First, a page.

Sierra Mist

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Sierra Mist
Type Lemon-lime soft drink
Manufacturer PepsiCo
Distributor PepsiCo
Country of origin United States
Introduced 1999
Color Clear
Flavor Lemon-Lime
Variants Sierra Mist (with real sugar), Diet Sierra Mist, Sierra Mist Cranberry Splash, Diet Sierra Mist Cranberry Splash, Diet Sierra Mist Ruby Splash
Related products Sprite, 7 Up

Sierra Mist is a lemon-lime flavored soft drink. The new formula, branded as Sierra Mist, was introduced by PepsiCo in 1999, replacing Slice and Storm, and eventually became available in all United States markets by 2003 and competed with The Coca-Cola Company's Sprite brand.[1]


20-ounce bottles of Sierra Mist Natural (left) and Sierra Mist Cranberry Splash (right)

Following initial test marketing, PepsiCo first introduced Sierra Mist in 1999,[2] replacing similar soft drinks such as lemon-lime Slice and the test-marketed Storm.[3] The selection of the name "Sierra Mist" was based on favorable market research involving 2,000 people. "Sierra Mist" was selected from over 1,000 possible names. It is worth noting that "Sierra" had previously been a proposed name for what became the original (10% juice-formula, lemon-lime) Slice in 1984.[4] Diet Sierra Mist was also introduced in 2000, and sales of both diet and original Sierra Mist totaled $100 million in its first year of production.[1]

At the time of its launch in 1999, Sierra Mist was distributed only in certain regional markets, due to bottling and distribution agreements between Pepsi Bottling Group and 7 Up parent company Cadbury Schweppes. The PepsiCo bottlers continued to bottle 7 Up until existing agreements with Cadbury Schweppes expired in January 2003, at which point its distribution was expanded nationwide in the U.S.[5] In 2004 the beverage had surpassed 7 Up on the basis of annual retail sales, placing it as the 2nd most-purchased lemon-lime soft drink in the U.S. (Sprite being the 1st).[1][6]

In 2005, Diet Sierra Mist was renamed Sierra Mist Free, intended as a descriptor of the beverage being "free of" sugar, calories, carbohydrates and caffeine.[7] This name change was reverted to the original name, Diet Sierra Mist, in November 2008.[8] In late 2006, PepsiCo introduced Sierra Mist Cranberry Splash. It was available only during the Winter holiday season. Cranberry Splash returned in the fall and winter of 2007, 2008, 2009, 2010 along with Diet Sierra Mist Cranberry Splash.[9] In May 2007, Sierra Mist Lemon Squeeze was introduced. This limited edition featured a higher concentration of lemon flavor and was only available through September 2007.[10]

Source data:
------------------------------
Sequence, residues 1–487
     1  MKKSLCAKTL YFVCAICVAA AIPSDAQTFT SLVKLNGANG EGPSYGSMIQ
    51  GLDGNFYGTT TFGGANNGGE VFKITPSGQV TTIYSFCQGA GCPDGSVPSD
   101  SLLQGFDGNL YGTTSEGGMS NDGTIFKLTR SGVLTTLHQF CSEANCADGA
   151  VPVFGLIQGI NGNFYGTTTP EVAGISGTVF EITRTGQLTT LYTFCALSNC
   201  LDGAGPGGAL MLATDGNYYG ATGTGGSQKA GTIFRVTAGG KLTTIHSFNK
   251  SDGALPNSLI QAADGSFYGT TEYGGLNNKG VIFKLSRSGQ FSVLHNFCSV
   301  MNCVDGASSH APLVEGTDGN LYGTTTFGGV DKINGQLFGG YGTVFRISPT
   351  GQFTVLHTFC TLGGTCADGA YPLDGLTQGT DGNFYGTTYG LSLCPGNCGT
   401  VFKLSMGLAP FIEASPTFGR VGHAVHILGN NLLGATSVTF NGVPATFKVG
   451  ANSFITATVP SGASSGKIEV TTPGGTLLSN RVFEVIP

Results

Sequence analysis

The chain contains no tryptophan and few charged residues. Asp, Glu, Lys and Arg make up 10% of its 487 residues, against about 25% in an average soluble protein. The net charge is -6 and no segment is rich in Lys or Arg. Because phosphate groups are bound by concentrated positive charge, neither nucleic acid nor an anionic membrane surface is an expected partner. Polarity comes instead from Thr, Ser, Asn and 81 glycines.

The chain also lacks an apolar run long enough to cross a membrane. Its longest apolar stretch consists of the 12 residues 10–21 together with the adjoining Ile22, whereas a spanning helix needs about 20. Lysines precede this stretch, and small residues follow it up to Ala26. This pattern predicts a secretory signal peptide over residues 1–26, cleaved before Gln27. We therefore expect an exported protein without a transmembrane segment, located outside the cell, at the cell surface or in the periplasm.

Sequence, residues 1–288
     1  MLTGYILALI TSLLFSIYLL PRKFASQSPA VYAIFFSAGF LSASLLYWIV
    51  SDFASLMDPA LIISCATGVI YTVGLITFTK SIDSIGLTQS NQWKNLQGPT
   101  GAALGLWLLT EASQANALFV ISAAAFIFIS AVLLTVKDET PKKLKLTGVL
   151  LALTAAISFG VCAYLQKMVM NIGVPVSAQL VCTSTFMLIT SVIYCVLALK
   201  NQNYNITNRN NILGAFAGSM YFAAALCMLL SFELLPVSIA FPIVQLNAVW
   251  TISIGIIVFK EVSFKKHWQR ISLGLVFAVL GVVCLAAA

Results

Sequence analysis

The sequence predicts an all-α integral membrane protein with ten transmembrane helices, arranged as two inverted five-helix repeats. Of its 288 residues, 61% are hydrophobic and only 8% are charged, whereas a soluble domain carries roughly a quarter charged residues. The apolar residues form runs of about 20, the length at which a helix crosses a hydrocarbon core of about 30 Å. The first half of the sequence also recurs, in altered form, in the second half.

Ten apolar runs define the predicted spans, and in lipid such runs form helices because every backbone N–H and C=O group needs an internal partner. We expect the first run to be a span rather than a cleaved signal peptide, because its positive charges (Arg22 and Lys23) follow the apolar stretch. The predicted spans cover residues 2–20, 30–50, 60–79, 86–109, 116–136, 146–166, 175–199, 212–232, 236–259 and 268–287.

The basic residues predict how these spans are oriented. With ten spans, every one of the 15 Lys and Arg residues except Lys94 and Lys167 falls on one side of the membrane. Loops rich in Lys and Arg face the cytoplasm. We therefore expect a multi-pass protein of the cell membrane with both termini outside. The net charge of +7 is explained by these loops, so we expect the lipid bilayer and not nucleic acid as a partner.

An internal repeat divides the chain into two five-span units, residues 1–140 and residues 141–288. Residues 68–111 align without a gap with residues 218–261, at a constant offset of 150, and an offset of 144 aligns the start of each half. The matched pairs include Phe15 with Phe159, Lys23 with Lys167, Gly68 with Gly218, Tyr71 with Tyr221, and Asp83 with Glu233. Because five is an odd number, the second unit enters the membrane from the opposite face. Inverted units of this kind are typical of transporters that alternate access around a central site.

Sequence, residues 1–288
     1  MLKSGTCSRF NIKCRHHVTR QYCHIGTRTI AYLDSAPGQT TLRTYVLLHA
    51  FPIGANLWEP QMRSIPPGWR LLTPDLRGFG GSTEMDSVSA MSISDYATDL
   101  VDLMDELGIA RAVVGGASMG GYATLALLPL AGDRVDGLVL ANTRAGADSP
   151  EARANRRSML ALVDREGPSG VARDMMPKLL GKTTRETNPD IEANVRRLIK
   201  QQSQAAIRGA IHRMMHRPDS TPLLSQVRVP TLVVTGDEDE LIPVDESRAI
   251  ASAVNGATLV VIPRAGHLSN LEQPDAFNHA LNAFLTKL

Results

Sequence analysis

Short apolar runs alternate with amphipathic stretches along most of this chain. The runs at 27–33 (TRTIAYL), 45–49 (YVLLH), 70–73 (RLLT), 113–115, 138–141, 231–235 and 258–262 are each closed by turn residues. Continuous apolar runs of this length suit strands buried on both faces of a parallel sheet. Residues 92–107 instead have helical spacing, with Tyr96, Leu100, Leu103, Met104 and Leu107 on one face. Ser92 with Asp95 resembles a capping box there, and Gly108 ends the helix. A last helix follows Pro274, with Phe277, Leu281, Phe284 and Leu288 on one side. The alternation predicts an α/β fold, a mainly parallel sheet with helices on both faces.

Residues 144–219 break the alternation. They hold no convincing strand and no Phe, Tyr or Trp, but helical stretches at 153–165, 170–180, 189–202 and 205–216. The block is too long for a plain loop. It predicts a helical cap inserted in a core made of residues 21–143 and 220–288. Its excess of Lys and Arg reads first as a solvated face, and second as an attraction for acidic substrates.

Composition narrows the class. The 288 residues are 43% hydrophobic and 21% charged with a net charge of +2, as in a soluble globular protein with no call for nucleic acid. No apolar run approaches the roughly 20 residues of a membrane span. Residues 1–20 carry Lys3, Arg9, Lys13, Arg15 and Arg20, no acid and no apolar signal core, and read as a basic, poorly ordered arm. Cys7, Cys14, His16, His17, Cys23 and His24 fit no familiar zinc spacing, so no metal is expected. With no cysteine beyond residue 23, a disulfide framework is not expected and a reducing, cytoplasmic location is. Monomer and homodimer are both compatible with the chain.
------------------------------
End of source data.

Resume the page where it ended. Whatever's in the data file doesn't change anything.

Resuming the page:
Sierra Mist can and bottle labels were redesigned as a part of PepsiCo's broader redesign of its core carbonated soft drink brands in 2008, with Sierra Mist Free reverting to the Diet Sierra Mist name in the process.[11] The Sierra Mist logo was later redesigned again in March 2010 with a typeface similar to that of the current Pepsi design. Sierra Mist underwent a more significant rebranding in August 2010, in response to shifting consumer preferences towards products made with natural ingredients - according to beverage industry and general news media reporting at the time.[8][12] On August 29, 2010, Sierra Mist was replaced with Sierra Mist Natural, although the original Sierra Mist still remained stocked in markets until late 2010.[13] Updated logos, bottle labeling and can designs were also implemented at the same time.[14] At this time, the Sierra Mist drink was reformulated, which is sweetened with sucrose, instead of high-fructose corn syrup. In 2013, Sierra Mist Natural became Sierra Mist (with real sugar). As of Fall 2014, Stevia was added as an adjunctive sweetener.[15]


Sierra Mist with the previous design (March 2010-August 2010)
Sierra Mist packaging (March 2010-August 2010)
Sierra Mist packaging (Aug. 2010-Sep. 2014)
Sierra Mist packaging (Aug. 2010-Sep. 2014)

Original formula[edit]

From 2000 until 2010 Sierra Mist was sweetened with high-fructose corn syrup, and its other ingredients were listed as carbonated water, citric acid, natural flavors, potassium benzoate, potassium citrate, ascorbic acid and calcium disodium EDTA.[16] Diet Sierra Mist is sweetened with aspartame and acesulfame potassium.[16]